The Disease of More Drives the War on Drugs
The Disease of More Drives the War on Drugs
The new psychiatrists' desk reference, the DSM-5, is missing the number one mental disorder plaguing our country—The Need for More. As we continue to live with our focus on the desired goal—as opposed to living in the moment—we become more used to believing the constant bombardment of messages hurled our way. They say, "Get more done, get what the other person has, lose more fat, gain more muscle, get that girl or guy." In short: "Get more, feel better."
This moment may not be so great. But something in the near future will help us in this moment. That is an impossibillity—and our common dilemma. We never get to be in the present because we are in constant pursuit of another, more appropriate moment.
I know what I'm talking about, as an addict of more. In the 1970s and '80s I was a large-scale international drug smuggler. I quit the business in 1986—only to become a drug addict myself, suffering an overdose in 1988. This led to recovery and to my becoming a drug and alcohol counselor. But my past caught up with me; the DEA brought a case, I pled guilty and was sentenced to 10 years, though I was paroled early. At one time I owned a trucking company, and had a workforce of 120 importing hundreds of millions of dollars worth of pot into the United States. And all I could think of, until I got off that merry-go-round, was more. I needed more.
If the War on Drugs had been effective, we would now be shuttering prisons and turning them into much-needed schools.
When I first came into recovery, a friend told me that if I was on target in the here-and-now, the there-and-then would be exactly where it should be when I got there. What a novel concept. Up until that point I had spent most of my life trying to get out of its moments. I had no idea. But slowly, I have found that everything I need to move forward is contained in the here and now. Until I came to grips with that, I kept looking for more of everything.
There is consumerism and addiction, and then there is our nation's internal war against our own citizens—the War on Drugs. For 44 years now, we have been locking more people up, and building more and more prisons to accommodate them, and it keeps on growing. If the War on Drugs had been effective, we would now be shuttering prisons and turning them into much-needed schools, or housing for the poor. Instead that logic is turned back-to-front.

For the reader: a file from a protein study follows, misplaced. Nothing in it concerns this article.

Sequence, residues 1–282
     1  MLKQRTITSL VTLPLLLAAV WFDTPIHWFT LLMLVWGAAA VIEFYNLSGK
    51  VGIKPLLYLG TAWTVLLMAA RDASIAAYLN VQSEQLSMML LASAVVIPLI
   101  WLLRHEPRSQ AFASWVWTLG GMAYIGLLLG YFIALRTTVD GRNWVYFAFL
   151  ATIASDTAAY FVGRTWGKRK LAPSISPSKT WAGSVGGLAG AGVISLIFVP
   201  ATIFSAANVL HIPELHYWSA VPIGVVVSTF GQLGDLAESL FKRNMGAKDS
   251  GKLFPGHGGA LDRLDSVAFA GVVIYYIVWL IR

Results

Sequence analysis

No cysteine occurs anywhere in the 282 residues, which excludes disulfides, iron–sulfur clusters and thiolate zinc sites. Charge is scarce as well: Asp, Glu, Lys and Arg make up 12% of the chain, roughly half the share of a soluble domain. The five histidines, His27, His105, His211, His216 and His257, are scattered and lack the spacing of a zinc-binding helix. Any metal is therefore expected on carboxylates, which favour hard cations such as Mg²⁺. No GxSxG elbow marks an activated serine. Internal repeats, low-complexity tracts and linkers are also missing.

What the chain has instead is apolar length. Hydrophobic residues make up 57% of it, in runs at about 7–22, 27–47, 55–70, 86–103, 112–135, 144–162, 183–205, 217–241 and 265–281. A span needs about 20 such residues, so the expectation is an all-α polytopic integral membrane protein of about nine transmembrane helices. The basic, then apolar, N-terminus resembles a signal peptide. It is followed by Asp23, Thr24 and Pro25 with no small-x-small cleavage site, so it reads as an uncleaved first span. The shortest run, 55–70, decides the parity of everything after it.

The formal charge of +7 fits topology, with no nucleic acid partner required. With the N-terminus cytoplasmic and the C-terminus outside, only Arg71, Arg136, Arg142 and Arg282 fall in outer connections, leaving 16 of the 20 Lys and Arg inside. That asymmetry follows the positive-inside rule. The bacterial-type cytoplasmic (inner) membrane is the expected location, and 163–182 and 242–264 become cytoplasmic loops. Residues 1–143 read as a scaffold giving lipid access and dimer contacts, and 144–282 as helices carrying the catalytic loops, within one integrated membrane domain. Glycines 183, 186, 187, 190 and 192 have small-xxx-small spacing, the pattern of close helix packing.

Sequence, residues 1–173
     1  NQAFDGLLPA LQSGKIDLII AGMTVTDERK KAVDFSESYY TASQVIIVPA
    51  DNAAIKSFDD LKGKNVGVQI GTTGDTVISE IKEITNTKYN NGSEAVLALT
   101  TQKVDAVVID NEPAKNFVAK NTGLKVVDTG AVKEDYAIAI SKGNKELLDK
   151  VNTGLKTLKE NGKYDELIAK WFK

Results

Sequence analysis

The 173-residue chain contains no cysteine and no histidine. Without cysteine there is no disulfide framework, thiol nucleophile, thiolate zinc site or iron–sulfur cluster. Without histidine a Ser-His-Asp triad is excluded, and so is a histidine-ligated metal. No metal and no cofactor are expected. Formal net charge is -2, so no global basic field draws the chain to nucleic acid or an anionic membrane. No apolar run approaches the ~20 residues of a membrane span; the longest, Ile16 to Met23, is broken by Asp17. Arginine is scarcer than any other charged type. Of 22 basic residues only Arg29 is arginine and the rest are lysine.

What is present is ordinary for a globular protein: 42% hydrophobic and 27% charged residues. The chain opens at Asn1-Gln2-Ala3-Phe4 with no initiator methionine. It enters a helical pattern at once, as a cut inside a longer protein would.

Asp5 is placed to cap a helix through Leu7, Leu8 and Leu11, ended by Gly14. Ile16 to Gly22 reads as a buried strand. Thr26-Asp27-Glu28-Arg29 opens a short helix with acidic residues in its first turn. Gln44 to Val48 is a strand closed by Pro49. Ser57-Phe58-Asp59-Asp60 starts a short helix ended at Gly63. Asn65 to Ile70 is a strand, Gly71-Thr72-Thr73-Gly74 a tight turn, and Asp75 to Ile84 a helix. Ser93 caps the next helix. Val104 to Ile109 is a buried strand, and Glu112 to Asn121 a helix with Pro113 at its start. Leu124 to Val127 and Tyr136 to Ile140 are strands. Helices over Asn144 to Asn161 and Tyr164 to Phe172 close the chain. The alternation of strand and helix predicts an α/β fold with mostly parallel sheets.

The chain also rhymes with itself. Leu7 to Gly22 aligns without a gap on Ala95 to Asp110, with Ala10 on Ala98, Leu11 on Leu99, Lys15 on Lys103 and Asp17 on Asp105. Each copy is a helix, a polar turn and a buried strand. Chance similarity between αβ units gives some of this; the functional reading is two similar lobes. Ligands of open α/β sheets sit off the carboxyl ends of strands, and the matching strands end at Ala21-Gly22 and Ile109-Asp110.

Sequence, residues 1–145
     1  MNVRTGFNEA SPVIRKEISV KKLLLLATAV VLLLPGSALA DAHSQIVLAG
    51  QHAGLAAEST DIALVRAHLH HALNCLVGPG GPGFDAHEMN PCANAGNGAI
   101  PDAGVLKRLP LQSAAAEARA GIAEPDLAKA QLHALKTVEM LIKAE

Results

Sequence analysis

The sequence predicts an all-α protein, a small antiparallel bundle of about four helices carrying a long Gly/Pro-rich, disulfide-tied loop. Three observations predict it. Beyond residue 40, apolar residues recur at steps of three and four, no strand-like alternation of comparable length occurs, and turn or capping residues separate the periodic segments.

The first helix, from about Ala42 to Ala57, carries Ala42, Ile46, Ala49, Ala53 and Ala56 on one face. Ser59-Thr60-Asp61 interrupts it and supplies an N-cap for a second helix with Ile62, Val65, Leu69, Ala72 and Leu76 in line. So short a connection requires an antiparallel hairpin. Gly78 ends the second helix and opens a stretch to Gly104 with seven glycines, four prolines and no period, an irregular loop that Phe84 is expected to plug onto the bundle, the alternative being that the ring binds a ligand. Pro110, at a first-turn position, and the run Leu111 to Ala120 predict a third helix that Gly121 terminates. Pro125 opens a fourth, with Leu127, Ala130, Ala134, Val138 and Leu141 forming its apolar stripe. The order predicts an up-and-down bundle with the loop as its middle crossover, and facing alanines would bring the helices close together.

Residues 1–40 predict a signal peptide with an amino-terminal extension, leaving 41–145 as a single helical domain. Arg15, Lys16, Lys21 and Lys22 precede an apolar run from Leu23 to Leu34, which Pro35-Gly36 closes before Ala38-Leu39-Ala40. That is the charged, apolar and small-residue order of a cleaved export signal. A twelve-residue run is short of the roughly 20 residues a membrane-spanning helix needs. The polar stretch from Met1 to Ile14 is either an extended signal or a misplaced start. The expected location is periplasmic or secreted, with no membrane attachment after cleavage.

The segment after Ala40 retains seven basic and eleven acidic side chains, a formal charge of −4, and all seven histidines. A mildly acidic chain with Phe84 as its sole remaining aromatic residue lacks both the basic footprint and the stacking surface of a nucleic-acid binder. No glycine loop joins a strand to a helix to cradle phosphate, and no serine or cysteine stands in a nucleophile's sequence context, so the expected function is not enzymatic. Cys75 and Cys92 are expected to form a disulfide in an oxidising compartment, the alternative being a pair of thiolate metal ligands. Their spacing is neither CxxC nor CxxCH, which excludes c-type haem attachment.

During my own prison term, I spent time at Ray Brook Prison at Lake Placid, New York. Originally built as the Olympic Village for the 1980 Winter Olympics, its design reflected the fact that it was going to be used as a prison afterward. Would that it were the other way around—that we did not lead the world in the incarceration of our own citizens, that we closed some of our prisons to become Olympic Villages. But if that were to happen, then the Corrections Corporation of America would not be such a profitable business. Our current reality, instead, is that CCA has offered to buy just about every state prison in the country. CCA, incidentally, recently restructured itself, with IRS approval, as a Real Estate Investment Trust.
In an article in the Huffington Post earlier this year, Chris Kirkham pointed out that, “Corrections Corporation of America, the nation's largest operator of for-profit prisons, has sent letters recently to 48 states offering to buy up their prisons as a remedy for "challenging corrections budgets." In exchange, the company is asking for a 20-year management contract, plus an assurance that the prison would remain at least 90% full, according to a copy of the letter obtained by The Huffington Post.” The corporation needs to lock up more Americans. In fact, beholden to their shareholders, it would be fair to say that CCA is addicted to profit. Every quarter they have to present ever-escalating profits to their shareholders, who are likewise addicted to their profit. Any decrease in this high will not be tolerated.